Former Florida Gov. Jeb Bush is scheduled Monday to visit the U.S.-Mexico border to discuss immigration and border security policy with local officials as well as to draw a line of contrast with the current Republican presidential front-runner, Donald Trump. The two men have had increasingly pointed exchanges over the last few weeks as they work for their party's nomination, and Bush is hoping to drive home the differences between his immigration plan and Trump's.

Trump has seen a surge in the polls since he tossed his hat into the ring two months ago. Much of that has been attributed, at least on the part of Trump, to his willingness to talk about the contentious issue of immigration reform. Bush, for his part, has tried to label Trump's plan as wasteful and unrealistic.

In a release provided to reporters ahead of Monday's event, Bush's team made clear that contrasting the two politicians was a main goal of the day trip. Bush is the "only candidate in the presidential field who has put forward a serious, conservative, comprehensive set of solutions to fix our broken immigration system. His plan stands in stark contrast to the $500 billion-plus plan offered by Donald Trump," they wrote.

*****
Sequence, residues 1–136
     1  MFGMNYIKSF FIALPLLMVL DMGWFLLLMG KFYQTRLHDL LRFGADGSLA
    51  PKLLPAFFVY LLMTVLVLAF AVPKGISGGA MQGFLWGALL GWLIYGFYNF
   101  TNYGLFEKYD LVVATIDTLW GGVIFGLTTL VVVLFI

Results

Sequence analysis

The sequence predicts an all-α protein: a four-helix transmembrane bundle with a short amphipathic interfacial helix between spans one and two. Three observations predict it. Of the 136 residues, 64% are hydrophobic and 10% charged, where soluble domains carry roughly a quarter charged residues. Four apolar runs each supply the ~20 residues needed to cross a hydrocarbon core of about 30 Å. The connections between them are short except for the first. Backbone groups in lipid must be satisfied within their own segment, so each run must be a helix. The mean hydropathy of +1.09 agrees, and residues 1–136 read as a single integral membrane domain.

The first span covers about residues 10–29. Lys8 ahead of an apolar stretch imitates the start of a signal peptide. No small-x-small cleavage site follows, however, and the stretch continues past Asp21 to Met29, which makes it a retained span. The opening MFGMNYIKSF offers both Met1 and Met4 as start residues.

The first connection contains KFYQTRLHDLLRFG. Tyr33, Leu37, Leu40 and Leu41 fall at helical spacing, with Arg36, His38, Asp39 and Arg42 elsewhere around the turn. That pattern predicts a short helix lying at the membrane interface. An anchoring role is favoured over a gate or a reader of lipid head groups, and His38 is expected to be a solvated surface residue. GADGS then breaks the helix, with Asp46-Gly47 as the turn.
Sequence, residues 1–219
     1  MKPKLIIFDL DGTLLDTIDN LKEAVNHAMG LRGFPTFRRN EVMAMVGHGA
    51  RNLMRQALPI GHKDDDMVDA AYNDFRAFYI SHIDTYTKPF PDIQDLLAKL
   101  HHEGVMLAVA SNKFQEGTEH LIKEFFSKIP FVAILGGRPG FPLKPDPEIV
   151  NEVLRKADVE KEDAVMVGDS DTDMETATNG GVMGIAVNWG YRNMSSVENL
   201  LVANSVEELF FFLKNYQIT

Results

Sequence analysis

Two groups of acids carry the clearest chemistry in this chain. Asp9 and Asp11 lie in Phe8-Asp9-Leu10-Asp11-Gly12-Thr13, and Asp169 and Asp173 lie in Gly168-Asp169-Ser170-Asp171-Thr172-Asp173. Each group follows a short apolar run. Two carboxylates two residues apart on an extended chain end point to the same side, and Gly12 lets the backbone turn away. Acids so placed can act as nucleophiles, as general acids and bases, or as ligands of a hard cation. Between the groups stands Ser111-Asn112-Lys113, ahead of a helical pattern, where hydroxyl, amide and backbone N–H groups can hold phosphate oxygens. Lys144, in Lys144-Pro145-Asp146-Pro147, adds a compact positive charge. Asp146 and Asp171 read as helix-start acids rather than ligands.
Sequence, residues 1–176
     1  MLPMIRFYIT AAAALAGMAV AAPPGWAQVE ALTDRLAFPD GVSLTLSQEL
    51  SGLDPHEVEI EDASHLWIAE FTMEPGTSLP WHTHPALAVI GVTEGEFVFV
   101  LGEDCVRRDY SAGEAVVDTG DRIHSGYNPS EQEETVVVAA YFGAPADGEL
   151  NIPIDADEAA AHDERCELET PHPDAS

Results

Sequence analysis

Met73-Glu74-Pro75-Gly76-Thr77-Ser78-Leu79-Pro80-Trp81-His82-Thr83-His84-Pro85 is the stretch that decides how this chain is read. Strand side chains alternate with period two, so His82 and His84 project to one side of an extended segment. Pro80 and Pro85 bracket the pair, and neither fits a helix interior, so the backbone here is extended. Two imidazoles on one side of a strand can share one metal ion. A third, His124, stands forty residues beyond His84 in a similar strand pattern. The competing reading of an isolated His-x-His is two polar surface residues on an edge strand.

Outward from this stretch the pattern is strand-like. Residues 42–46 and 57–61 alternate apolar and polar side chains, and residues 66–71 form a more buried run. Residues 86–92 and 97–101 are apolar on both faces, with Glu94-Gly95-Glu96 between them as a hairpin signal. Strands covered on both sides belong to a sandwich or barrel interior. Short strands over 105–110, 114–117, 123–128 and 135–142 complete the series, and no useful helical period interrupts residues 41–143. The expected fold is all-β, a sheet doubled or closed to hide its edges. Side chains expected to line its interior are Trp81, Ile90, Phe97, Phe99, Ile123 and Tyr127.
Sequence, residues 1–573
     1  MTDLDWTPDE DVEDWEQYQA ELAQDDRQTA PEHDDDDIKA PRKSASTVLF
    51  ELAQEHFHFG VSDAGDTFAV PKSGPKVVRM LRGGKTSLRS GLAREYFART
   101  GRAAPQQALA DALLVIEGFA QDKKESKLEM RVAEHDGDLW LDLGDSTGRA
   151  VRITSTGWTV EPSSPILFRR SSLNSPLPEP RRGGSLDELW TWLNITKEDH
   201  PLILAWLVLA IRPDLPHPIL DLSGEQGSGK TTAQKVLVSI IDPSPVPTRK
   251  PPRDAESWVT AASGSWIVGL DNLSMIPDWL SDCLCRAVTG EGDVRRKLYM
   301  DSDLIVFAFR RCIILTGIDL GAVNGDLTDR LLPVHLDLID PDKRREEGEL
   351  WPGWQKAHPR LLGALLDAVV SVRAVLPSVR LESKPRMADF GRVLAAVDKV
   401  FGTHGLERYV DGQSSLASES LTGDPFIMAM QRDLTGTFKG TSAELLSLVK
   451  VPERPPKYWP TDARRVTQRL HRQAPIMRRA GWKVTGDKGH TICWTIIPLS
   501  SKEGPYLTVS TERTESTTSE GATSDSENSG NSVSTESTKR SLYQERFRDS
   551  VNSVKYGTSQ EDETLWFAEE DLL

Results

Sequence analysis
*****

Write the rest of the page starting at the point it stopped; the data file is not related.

The trip to McAllen, Texas, was first scheduled weeks ago to be a fundraising trip, according to the Washington Post. The campaign originally argued that since Bush has made border trips before he wouldn't necessarily need to do so again. But recently he decided he needed to revisit the issue.

"Mr. Trump does not have a proven conservative record," Bush said last week during a town hall event in Merrimack, New Hampshire, while Trump held a competing event about 20 miles away. "We're a conservative party, aren't we, the Republican party? I think what people are eventually going to vote for is a proven conservative leader that's done it -- not talked about it -- that's actually done it. And I have a proven [conservative] record -- consistent, proven, conservative record."

Bush has notably reimagined his immigration stance after years of supporting a pathway to citizenship for undocumented immigrants in the country. In his 2013 book, "Immigration Wars," he softened his views while attempting to "create a blueprint for conservatives who were reluctant to embrace comprehensive reform, to give them, perhaps, a set of views that they could embrace," he said on CBS' "Face the Nation" following the book's release. Later that year, he penned an op-ed supporting legislation that would provide a pathway to citizenship. After becoming an official candidate this year, Bush said he no longer supports a pathway to citizenship but rather prefers "earned legal status." 

Trump recently released his immigration reform policy paper, which called for building a wall to separate the United States and Mexico, and to deport all of the estimated 11 million undocumented immigrants in the country. He proposed that he would make Mexico pay for the wall but did not provide logistical details for how he would execute the deportations.

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